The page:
- Specialist allocation has a new, needs-based formula so that for the first time CCG areas can see their predicted demand for specialist services and compare this with actual spend
- 50% of the spend has been estimated using data from SUS-PBR to recreate the target formula, the rest uses historic expenditure analysis
- ACRA plan to do further work on specialist allocations to improve the accuracy of the formula in future
The NHS England paper on allocations indicates that consideration was given as to whether pace-of-change should be adjusted for the ‘potential differential nature of growth in social care spend over the next 5 years as a result of the’ CSR. Ultimately this was not pursued as data was inadequate and to avoid the risk of ‘wrongly signalling that the local NHS has in some way been funded to offset reductions in social care, which is not the case’.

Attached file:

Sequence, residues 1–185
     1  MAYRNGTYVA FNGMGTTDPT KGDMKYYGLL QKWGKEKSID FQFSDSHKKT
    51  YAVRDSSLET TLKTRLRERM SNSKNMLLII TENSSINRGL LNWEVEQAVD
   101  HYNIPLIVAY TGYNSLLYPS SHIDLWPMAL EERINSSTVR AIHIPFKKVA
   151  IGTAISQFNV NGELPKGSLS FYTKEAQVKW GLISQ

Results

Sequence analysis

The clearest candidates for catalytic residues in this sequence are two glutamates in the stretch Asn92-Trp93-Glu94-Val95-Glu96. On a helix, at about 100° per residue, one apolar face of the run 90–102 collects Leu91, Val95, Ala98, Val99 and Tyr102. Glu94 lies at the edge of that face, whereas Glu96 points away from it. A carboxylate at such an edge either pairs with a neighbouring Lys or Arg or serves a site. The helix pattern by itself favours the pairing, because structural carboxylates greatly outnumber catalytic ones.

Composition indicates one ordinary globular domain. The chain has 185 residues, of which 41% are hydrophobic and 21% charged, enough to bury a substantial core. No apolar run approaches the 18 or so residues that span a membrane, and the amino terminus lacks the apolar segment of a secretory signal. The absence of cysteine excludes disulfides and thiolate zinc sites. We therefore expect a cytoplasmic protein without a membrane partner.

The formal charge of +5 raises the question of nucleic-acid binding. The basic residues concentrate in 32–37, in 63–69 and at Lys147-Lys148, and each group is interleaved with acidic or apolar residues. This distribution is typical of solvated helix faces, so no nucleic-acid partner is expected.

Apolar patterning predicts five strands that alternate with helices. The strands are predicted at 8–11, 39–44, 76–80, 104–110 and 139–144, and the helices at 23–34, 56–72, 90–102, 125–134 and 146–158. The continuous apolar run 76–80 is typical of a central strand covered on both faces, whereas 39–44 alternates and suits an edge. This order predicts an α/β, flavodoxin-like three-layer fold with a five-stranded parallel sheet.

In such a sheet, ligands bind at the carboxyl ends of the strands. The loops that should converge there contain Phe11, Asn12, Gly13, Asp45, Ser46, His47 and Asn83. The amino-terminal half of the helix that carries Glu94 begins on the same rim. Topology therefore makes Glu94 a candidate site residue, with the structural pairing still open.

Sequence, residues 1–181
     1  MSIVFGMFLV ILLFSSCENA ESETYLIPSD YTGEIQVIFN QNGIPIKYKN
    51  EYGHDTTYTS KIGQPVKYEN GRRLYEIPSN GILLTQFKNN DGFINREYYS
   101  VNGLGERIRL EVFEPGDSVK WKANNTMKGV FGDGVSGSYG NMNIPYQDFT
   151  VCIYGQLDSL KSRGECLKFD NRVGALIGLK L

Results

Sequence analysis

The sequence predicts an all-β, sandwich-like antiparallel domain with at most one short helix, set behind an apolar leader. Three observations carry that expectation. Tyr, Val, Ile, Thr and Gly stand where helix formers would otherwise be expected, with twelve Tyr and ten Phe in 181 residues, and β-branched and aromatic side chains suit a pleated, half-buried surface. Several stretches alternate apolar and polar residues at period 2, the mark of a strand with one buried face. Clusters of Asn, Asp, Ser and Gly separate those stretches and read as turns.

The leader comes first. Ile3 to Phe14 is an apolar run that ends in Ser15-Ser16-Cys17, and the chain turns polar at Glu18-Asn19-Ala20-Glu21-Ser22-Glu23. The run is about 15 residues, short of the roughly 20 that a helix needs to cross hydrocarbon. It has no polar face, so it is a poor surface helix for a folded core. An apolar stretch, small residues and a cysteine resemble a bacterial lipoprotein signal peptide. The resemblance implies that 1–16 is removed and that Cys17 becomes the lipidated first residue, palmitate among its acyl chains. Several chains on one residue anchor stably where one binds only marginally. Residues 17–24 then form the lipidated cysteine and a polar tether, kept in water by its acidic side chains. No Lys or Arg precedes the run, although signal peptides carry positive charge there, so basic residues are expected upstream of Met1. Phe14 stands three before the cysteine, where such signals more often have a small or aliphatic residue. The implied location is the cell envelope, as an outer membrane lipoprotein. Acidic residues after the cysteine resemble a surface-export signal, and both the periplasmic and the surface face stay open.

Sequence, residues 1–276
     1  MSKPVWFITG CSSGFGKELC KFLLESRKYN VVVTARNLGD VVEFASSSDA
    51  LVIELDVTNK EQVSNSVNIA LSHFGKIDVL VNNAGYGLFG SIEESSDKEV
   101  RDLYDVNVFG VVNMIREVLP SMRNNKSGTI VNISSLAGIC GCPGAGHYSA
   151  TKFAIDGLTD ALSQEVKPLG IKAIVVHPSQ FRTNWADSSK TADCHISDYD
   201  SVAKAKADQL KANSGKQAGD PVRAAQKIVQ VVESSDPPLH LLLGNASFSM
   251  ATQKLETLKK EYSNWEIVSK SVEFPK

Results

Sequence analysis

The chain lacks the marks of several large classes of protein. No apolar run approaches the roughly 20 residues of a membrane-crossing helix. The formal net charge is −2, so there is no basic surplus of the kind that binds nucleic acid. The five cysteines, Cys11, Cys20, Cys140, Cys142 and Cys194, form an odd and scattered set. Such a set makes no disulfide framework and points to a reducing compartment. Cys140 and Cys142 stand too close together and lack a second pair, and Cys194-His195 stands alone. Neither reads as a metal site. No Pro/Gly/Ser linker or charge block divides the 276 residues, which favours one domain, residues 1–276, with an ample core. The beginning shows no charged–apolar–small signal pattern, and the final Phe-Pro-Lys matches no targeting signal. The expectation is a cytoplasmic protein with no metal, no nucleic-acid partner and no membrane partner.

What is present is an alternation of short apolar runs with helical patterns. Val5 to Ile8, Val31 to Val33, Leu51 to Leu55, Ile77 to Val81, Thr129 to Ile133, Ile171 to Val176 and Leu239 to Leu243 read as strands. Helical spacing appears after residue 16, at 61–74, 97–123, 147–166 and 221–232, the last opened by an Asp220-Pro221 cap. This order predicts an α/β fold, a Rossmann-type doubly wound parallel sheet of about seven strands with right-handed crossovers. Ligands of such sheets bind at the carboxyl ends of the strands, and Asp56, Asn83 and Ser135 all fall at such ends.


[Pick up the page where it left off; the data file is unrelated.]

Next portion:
Bringing together the allocations makes good sense, as it has proved difficult to keep all the elements of the system in balance separately, which diverts attention from the underlying overall position. It also facilitates discussion and work to align public services across local geographical patches. However, although place-based allocations assist the understanding of financial flows in an area, the NHS continues to consist of a large number of legally separate bodies for day to day management and accounting purposes. Even at national level, despite bringing together the regulators of NHS providers to form NHS Improvement in March, there remains a structural divide between commissioners (who report to NHS England) and providers who report to NHS Improvement.